Terje Rød-Larsen has been President of the International Peace Institute since January 2005. Mr. Rød-Larsen began his career as an academic, teaching sociology, political science, and philosophy at the Universities of Bergen and Oslo, before establishing the Fafo Institute for Applied Sciences in Oslo in 1981. As Director of Fafo, Mr. Rød-Larsen initiated a research project into the living conditions of Palestinians in the West Bank and Gaza Strip, which led to a request by the Palestine Liberation Organization (PLO) and the government of Israel in 1992 that he established a secret channel for negotiations between the PLO and the government of Israel. The subsequent talks between Israelis and Palestinians, facilitated by Fafo and the Norwegian Foreign Ministry, concluded with the mutual recognition of Israel and the PLO and the Oslo Accords and the signing of the Declaration of Principles at the White House on September 13, 1993.

In 1993, Mr. Rød-Larsen was appointed Ambassador and Special Adviser for the Middle East peace process to the Norwegian Foreign Minister. In mid-1994, he was appointed United Nations Special Coordinator in the Occupied Territories at the rank of Under-Secretary-General. In 1996, Mr. Rød-Larsen became Norwegian Deputy Prime Minister and Minister for Planning and Cooperation, before rejoining the United Nations. From 1999 to December 2004, he served as UN Special Coordinator for the Middle East Peace Process and Personal Representative of the Secretary-General to the Palestine Liberation Organization and the Palestinian Authority, holding the rank of Under-Secretary-General.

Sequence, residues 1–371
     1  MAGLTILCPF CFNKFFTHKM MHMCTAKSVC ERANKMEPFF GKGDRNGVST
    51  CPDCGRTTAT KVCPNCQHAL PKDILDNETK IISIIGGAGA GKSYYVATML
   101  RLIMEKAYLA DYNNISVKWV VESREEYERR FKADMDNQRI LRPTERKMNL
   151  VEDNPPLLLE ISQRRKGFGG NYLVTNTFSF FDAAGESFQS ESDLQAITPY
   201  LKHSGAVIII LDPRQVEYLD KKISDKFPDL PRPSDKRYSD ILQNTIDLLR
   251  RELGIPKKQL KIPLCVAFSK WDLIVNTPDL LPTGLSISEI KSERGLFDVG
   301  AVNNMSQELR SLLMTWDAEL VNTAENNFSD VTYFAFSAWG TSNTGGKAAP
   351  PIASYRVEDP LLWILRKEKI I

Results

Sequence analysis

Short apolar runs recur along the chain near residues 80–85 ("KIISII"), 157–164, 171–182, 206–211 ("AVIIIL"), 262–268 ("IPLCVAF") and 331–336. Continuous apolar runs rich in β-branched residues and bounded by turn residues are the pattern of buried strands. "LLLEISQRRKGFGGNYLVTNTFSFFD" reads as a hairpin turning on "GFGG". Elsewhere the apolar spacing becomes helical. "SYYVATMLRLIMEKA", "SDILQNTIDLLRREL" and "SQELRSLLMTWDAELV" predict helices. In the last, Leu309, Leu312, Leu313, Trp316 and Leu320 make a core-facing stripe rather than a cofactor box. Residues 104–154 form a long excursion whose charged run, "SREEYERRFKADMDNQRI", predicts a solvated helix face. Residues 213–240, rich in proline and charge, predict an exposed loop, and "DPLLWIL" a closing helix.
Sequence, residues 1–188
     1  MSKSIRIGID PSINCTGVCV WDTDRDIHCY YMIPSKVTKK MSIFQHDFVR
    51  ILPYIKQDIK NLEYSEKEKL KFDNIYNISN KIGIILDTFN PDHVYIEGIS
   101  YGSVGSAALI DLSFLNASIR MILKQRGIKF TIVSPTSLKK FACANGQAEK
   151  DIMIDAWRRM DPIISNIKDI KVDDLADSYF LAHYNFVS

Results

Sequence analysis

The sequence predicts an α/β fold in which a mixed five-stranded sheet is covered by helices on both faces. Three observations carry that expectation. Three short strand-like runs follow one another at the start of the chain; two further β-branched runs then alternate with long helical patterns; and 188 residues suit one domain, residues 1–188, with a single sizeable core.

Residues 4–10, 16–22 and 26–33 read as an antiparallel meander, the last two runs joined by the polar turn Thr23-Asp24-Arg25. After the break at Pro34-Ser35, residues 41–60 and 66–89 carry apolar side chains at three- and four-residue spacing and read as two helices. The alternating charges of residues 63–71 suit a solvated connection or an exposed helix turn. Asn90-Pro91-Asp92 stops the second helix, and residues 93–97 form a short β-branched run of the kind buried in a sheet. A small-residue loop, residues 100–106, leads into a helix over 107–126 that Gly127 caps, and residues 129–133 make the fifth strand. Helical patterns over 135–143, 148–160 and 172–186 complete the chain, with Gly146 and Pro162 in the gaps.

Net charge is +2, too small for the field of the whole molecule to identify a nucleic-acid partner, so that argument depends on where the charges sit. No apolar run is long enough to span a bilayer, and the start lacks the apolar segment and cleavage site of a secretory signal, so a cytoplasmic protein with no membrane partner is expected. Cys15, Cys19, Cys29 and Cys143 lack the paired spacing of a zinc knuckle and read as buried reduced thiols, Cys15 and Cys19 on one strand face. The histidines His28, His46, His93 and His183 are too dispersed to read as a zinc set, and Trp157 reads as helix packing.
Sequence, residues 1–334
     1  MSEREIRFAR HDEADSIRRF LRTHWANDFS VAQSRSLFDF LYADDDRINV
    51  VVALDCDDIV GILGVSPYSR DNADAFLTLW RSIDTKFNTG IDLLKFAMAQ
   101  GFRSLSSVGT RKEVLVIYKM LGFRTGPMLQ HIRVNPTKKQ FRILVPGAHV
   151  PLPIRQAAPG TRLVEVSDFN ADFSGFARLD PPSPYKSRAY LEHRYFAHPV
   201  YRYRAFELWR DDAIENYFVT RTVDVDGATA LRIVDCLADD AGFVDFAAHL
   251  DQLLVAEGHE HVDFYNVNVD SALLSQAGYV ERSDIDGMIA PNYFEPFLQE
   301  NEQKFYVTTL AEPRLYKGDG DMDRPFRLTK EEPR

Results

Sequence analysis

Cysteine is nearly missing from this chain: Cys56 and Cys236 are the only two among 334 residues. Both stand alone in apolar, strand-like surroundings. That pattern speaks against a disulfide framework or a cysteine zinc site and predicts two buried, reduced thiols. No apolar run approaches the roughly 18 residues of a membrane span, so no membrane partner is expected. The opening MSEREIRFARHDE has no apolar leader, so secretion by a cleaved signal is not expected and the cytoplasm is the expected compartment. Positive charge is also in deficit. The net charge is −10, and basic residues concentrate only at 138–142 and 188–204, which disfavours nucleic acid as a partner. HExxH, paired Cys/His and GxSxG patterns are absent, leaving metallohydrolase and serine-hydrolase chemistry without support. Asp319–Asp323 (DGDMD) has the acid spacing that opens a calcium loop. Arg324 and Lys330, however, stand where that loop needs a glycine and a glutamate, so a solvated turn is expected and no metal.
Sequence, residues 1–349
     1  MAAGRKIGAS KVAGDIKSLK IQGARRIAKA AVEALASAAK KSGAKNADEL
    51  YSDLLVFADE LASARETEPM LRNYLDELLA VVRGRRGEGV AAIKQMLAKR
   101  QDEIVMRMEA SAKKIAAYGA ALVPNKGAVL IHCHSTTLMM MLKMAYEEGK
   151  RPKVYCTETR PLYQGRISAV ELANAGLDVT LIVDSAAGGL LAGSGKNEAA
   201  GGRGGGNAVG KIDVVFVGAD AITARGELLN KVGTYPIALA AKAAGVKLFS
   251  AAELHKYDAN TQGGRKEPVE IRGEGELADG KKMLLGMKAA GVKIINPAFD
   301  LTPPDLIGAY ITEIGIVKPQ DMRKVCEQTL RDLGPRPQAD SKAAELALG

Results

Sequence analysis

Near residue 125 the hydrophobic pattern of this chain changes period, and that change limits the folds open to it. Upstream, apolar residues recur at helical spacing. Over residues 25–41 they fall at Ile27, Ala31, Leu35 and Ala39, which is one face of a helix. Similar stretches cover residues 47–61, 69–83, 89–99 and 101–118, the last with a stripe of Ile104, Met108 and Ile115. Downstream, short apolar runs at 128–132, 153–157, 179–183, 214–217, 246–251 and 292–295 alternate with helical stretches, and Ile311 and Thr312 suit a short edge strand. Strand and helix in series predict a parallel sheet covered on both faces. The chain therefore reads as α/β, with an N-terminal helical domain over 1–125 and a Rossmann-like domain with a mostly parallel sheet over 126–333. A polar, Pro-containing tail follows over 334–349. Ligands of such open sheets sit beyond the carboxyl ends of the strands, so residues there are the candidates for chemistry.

In 1999 he was appointed Special Envoy of the UN Secretary-General to Lebanon and negotiated with Syria, Lebanon and Israel the Israeli withdrawal from Southern Lebanon and the end of the Israeli occupation. In 2005 he negotiated, on behalf of the UN Secretary-General, the Syrian military withdrawal from Lebanon. Mr. Rød-Larsen is a Commander of the Légion d’Honneur (France) and a Commander of the National Order of the Cedar (Lebanon).